Superintendents: School funding cuts to produce minimal changes

Even though citizens are aware of the nation’s declining economy, it is sometimes difficult to imagine that the effects of recession are creeping into everyday life. Now, because of a statewide budget cut, Mississippi’s schools will get a taste of the effects. On Nov. 12, 2008, Gov. Haley Barbour made a 2 percent cut in statewide spending. The Mississippi Adequate Education Program (MAEP) was initially excluded from this cut. However, as of Jan. 14, 2009, Northeast Mississippi schools are now affected by the 3.49 percent that was recently shaved from the MAEP statewide budget. This took away about $76.6 million altogether. Schools in North Tippah County will be losing $234,897. However, in light of this funding shortage, Junior Wooten, Superintendent to North Tippah County schools, reports that the North Tippah school district has enough carryover from last year to absorb the cuts. He further explains that the district operations will probably not be noticeably affected. “We will be okay for one year,” he said. Likewise, even though the South Tippah district will be shorted about $466,911, district officials report that they expect to have about $750,000 left over in fund equity. Because the district will have more than enough money to cover the cuts, operations will not be outstandingly affected. It is possible that some instructional money may be cut, but the athletic budget will definitely be reduced. When the constructional payments on the new event center are complete, more money for other operations will be available. The event center should be substantially complete by May of this year. In light of these financial hardships, district officials in Ripley have faced controversy over the questionable relationship between higher taxes and making payments on the new event center. The money for this building project, as well as others, comes from the fund equity. The district is paying for the projects out of its own funds, not taxes. In North Tippah, Wooten says that the biggest change people may notice as a result of the cuts is that there will not be as many improvement projects to school buildings. Because teachers’ salaries are under contract, they are not at risk of personal income deductions or termination. South Tippah school district officials said that because no teachers will be let go, the students and parents will not notice much of a change. The teachers, however, will be more restricted because the Education Enhancement Fund (EEF) will be reduced. This fund is reduced a little every year. It is necessary that Gov. Barbour issues this cut because the revenues for the year to-date are already falling short of expectancy. In order to make up for some of these funding cuts, the House is hoping that a tobacco tax increase will be approved by the Senate. If this tax is passed, it will hopefully be effective by March 1. The 80 cent increase is expected to generate about $68,000,000. However, if that does happen, then the money brought in by the tobacco tax would not necessarily be promised to make up for the cuts taken from the education fund. If more money is reduced in the future, then it is possible that Tippah County may not be as fortunate as it currently stands. Officials know that Tippah County schools will have to weather the storm for a time, but they look to the coming years with optimism, knowing that Mississippi will without question continue to educate its students.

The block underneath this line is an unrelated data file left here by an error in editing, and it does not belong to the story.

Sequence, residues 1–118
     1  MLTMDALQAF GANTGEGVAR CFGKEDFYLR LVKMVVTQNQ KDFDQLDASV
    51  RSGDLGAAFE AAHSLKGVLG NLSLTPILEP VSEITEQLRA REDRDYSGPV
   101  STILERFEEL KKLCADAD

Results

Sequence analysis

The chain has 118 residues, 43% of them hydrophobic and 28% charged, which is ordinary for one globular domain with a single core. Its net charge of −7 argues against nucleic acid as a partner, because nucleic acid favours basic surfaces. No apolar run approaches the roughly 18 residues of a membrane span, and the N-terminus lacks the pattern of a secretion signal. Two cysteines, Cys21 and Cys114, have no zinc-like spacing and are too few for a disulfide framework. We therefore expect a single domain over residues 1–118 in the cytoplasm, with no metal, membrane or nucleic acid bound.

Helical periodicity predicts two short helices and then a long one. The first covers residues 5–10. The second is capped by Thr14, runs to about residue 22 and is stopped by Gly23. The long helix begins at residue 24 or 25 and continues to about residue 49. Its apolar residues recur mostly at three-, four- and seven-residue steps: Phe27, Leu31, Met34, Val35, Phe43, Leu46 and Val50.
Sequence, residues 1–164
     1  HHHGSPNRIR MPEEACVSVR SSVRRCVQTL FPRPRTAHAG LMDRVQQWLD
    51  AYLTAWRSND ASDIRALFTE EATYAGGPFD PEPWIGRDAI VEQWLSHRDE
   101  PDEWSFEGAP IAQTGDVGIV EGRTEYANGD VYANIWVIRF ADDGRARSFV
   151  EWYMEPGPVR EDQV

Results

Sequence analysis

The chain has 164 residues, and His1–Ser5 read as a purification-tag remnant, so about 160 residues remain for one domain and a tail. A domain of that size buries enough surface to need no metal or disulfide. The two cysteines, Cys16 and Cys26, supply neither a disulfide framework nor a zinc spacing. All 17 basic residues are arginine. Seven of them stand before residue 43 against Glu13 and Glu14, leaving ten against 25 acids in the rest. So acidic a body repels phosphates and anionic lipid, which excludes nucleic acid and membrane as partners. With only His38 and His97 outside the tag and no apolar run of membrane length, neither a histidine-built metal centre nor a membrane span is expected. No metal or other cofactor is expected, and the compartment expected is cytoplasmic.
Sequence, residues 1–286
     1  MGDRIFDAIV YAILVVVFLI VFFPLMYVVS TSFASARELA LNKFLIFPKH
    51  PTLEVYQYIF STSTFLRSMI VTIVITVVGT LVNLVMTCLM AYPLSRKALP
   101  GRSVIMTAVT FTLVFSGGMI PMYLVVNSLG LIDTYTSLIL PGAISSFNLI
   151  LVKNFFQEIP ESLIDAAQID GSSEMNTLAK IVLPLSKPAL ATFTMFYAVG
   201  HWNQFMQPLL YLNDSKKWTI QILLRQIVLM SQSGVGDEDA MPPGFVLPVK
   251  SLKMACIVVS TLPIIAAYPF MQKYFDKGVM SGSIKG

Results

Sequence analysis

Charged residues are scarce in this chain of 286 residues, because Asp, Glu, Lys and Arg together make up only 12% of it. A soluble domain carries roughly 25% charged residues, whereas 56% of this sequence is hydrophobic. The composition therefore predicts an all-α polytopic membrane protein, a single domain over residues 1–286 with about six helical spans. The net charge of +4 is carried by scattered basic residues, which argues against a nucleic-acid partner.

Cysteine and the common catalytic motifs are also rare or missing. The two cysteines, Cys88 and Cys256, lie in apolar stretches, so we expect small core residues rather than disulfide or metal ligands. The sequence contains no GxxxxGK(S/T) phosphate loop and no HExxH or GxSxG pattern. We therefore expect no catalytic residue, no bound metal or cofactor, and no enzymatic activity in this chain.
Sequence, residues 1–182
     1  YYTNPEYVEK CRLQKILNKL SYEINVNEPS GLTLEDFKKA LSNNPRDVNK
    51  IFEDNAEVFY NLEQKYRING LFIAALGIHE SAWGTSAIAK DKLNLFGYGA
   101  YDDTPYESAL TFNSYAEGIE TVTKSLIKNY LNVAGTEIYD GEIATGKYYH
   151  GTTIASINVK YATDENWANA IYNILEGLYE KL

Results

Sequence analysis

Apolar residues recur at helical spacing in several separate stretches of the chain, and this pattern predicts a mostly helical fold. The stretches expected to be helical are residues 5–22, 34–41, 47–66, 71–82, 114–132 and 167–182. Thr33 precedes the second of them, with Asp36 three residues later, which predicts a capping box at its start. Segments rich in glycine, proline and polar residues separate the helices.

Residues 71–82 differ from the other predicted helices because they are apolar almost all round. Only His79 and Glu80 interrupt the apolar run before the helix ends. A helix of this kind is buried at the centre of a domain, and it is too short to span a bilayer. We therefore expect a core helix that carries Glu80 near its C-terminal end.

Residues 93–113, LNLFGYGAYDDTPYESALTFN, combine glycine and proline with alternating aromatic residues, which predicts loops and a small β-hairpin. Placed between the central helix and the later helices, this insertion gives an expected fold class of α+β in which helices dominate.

Melonie Stewart